Rumours have been swirling around the Alberta business community for months that the government intends to revamp the province’s labour code. If there’s substance behind these rumours, we need to talk.
Three specific changes to polices that play a fundamental role in defining the relationship between employers and employees are said to be under consideration: card check certification, contract arbitration and banning the use of replacement workers.
Currently, if employees wish to form a union, a secret ballot vote takes place requiring a majority of votes cast in favour of unionization. A “card check” policy would make it much easier to certify a union – requiring just a signature from a percentage of employees. Unions support card check processes for obvious reasons, but employers prefer a secret ballot process that encourages discussion and debate and ensures a majority of employees are consulted.
In one case involving a card check certification, the Regional Municipality of Waterloo, Ontario sent two carpenters on a Saturday to build a shed while their co-workers enjoyed a day off. Because these two workers constituted the entire work force that day and signed union cards for the United Brotherhood of Carpenters and Joiners of America, dozens municipal employees who had no say in the matter wound up as certified union members.
Currently, once a union is certified as the bargaining agent for a group of workers, the union and management are required to start negotiating a first collective agreement. If a first collective agreement can’t be reached, the union or the management may request the services of a mediator. The government cannot impose a first contract on the business – but the changes being discussed would change all that and tip the balance of negotiations in favour of unions.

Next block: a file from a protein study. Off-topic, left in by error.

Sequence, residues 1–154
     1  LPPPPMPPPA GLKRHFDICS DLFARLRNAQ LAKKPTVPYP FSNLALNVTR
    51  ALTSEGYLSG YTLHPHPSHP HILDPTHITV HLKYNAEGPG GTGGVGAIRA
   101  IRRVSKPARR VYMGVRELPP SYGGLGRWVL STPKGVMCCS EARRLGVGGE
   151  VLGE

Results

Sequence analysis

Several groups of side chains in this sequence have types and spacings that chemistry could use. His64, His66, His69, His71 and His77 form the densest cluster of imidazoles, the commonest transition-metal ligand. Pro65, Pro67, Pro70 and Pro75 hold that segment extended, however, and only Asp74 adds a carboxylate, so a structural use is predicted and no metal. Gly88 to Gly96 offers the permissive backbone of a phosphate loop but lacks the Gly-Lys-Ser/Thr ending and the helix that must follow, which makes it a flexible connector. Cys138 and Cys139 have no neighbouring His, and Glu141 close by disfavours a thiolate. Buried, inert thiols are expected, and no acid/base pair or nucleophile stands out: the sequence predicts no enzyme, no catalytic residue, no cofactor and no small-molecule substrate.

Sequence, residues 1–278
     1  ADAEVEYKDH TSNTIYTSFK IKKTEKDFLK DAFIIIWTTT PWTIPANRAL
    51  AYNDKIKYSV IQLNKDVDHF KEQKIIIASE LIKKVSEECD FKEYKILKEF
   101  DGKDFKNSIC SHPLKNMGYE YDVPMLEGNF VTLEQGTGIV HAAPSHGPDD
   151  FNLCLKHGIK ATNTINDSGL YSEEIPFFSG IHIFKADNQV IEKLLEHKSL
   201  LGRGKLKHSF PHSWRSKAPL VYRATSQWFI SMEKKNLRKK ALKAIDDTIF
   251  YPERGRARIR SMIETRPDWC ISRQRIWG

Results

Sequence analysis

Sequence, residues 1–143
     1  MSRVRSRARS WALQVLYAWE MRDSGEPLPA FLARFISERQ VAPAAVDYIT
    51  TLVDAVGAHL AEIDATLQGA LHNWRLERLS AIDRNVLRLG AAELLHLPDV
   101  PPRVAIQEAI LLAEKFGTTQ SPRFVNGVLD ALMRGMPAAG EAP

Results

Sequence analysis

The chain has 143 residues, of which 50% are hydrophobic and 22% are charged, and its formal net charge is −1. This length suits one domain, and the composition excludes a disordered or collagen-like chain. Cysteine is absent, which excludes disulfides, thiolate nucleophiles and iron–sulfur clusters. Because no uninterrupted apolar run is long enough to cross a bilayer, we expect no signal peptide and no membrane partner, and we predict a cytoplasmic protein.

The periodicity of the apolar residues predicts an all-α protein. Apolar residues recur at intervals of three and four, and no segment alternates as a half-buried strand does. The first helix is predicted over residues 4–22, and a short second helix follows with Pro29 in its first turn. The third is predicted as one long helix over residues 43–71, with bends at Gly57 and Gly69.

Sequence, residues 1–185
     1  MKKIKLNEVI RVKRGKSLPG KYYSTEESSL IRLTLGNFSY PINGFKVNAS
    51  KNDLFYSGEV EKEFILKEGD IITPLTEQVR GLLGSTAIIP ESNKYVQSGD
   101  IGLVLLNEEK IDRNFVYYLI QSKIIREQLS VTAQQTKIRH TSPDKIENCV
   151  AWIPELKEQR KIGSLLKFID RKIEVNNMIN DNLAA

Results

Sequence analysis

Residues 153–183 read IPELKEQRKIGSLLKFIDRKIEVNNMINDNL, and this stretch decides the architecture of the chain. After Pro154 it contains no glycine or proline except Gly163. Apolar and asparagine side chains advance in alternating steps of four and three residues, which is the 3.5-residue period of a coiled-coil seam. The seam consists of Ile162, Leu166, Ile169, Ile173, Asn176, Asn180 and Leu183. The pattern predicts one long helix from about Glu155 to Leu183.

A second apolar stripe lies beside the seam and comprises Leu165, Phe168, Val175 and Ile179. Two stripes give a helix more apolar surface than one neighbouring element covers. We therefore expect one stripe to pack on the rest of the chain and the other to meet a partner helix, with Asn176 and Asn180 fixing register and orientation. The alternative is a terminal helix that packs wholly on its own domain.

Banning the use of replacement workers in Alberta in the event of a strike would also tip the scales toward unions. Currently, Alberta businesses can hire replacement workers during strikes.
If implemented, these changes would radically change the relationship between employers and workers in Alberta – possibly for the worse. These changes would stack on top of recent policy changes that have impacted Alberta’s overall competitiveness, such as dramatic increases in the minimum wage and corporate and personal tax rates.
Many business leaders are afraid to speak out on these issues. They fear being branded “anti-union” or being off-side with a government that derives a great deal of support from organized labour.
Alberta companies have successfully worked with unionized employees for decades and many wouldn’t change a thing, but those relationships were built on labour relations rules that made sense for both employers and employees. Other companies fear government changes will make it easier for a small, vocal minority of employees to impose a collective agreement on workers who may not support it.
Let’s get the issues out in the open and have an honest conversation. We need to have a public conversation and go through an open, full and true consultation with all Albertans about Alberta’s labour relations rules – rules that have, for the most part, delivered solid economic growth, high wages for workers and safe working conditions.
Alberta Enterprise Group is a member-based, non-profit business advocacy organization. AEG members employ more than 150,000 Canadians in all sectors of the economy.